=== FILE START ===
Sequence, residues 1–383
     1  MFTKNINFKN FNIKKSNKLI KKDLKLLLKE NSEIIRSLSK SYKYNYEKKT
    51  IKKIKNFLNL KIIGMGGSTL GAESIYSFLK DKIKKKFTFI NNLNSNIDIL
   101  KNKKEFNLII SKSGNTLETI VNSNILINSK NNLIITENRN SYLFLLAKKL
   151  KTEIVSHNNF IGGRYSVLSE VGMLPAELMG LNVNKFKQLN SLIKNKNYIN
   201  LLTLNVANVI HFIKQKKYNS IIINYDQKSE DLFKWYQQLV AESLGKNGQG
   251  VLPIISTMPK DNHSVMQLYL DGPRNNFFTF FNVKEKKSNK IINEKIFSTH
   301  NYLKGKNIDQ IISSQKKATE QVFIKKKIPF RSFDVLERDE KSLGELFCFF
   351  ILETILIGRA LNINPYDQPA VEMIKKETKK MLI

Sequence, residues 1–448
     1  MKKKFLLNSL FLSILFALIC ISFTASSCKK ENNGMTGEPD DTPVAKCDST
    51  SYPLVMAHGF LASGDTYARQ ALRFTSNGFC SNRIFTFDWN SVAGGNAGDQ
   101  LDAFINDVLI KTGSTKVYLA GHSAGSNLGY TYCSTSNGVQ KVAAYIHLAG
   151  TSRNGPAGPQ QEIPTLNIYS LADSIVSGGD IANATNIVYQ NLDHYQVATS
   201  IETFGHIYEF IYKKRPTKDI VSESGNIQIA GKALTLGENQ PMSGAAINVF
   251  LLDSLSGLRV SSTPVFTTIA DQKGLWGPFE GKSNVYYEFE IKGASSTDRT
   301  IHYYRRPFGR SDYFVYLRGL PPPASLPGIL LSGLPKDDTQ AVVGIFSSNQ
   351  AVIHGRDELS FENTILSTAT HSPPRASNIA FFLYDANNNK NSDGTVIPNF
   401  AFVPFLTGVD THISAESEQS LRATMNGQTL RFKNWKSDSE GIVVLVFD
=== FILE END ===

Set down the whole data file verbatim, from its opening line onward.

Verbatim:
Sequence, residues 1–383
     1  MFTKNINFKN FNIKKSNKLI KKDLKLLLKE NSEIIRSLSK SYKYNYEKKT
    51  IKKIKNFLNL KIIGMGGSTL GAESIYSFLK DKIKKKFTFI NNLNSNIDIL
   101  KNKKEFNLII SKSGNTLETI VNSNILINSK NNLIITENRN SYLFLLAKKL
   151  KTEIVSHNNF IGGRYSVLSE VGMLPAELMG LNVNKFKQLN SLIKNKNYIN
   201  LLTLNVANVI HFIKQKKYNS IIINYDQKSE DLFKWYQQLV AESLGKNGQG
   251  VLPIISTMPK DNHSVMQLYL DGPRNNFFTF FNVKEKKSNK IINEKIFSTH
   301  NYLKGKNIDQ IISSQKKATE QVFIKKKIPF RSFDVLERDE KSLGELFCFF
   351  ILETILIGRA LNINPYDQPA VEMIKKETKK MLI

Sequence, residues 1–448
     1  MKKKFLLNSL FLSILFALIC ISFTASSCKK ENNGMTGEPD DTPVAKCDST
    51  SYPLVMAHGF LASGDTYARQ ALRFTSNGFC SNRIFTFDWN SVAGGNAGDQ
   101  LDAFINDVLI KTGSTKVYLA GHSAGSNLGY TYCSTSNGVQ KVAAYIHLAG
   151  TSRNGPAGPQ QEIPTLNIYS LADSIVSGGD IANATNIVYQ NLDHYQVATS
   201  IETFGHIYEF IYKKRPTKDI VSESGNIQIA GKALTLGENQ PMSGAAINVF
   251  LLDSLSGLRV SSTPVFTTIA DQKGLWGPFE GKSNVYYEFE IKGASSTDRT
   301  IHYYRRPFGR SDYFVYLRGL PPPASLPGIL LSGLPKDDTQ AVVGIFSSNQ
   351  AVIHGRDELS FENTILSTAT HSPPRASNIA FFLYDANNNK NSDGTVIPNF
   401  AFVPFLTGVD THISAESEQS LRATMNGQTL RFKNWKSDSE GIVVLVFD